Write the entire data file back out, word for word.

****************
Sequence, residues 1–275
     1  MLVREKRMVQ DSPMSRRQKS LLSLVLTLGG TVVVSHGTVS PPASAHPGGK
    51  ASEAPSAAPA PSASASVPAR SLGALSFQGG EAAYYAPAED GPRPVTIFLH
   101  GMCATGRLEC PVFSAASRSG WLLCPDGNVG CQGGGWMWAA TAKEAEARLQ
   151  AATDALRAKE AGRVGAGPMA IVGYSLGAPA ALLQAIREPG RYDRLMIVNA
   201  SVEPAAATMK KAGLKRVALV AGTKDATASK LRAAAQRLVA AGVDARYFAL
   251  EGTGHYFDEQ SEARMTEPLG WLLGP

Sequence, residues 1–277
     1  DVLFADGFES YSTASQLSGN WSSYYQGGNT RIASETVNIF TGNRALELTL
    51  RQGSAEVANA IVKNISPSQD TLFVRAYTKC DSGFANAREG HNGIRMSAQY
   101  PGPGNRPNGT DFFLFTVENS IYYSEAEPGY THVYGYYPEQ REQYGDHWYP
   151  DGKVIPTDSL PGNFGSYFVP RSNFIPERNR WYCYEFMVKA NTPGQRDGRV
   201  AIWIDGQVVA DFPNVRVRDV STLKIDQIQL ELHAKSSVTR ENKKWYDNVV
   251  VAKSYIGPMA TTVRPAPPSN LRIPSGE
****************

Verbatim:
Sequence, residues 1–275
     1  MLVREKRMVQ DSPMSRRQKS LLSLVLTLGG TVVVSHGTVS PPASAHPGGK
    51  ASEAPSAAPA PSASASVPAR SLGALSFQGG EAAYYAPAED GPRPVTIFLH
   101  GMCATGRLEC PVFSAASRSG WLLCPDGNVG CQGGGWMWAA TAKEAEARLQ
   151  AATDALRAKE AGRVGAGPMA IVGYSLGAPA ALLQAIREPG RYDRLMIVNA
   201  SVEPAAATMK KAGLKRVALV AGTKDATASK LRAAAQRLVA AGVDARYFAL
   251  EGTGHYFDEQ SEARMTEPLG WLLGP

Sequence, residues 1–277
     1  DVLFADGFES YSTASQLSGN WSSYYQGGNT RIASETVNIF TGNRALELTL
    51  RQGSAEVANA IVKNISPSQD TLFVRAYTKC DSGFANAREG HNGIRMSAQY
   101  PGPGNRPNGT DFFLFTVENS IYYSEAEPGY THVYGYYPEQ REQYGDHWYP
   151  DGKVIPTDSL PGNFGSYFVP RSNFIPERNR WYCYEFMVKA NTPGQRDGRV
   201  AIWIDGQVVA DFPNVRVRDV STLKIDQIQL ELHAKSSVTR ENKKWYDNVV
   251  VAKSYIGPMA TTVRPAPPSN LRIPSGE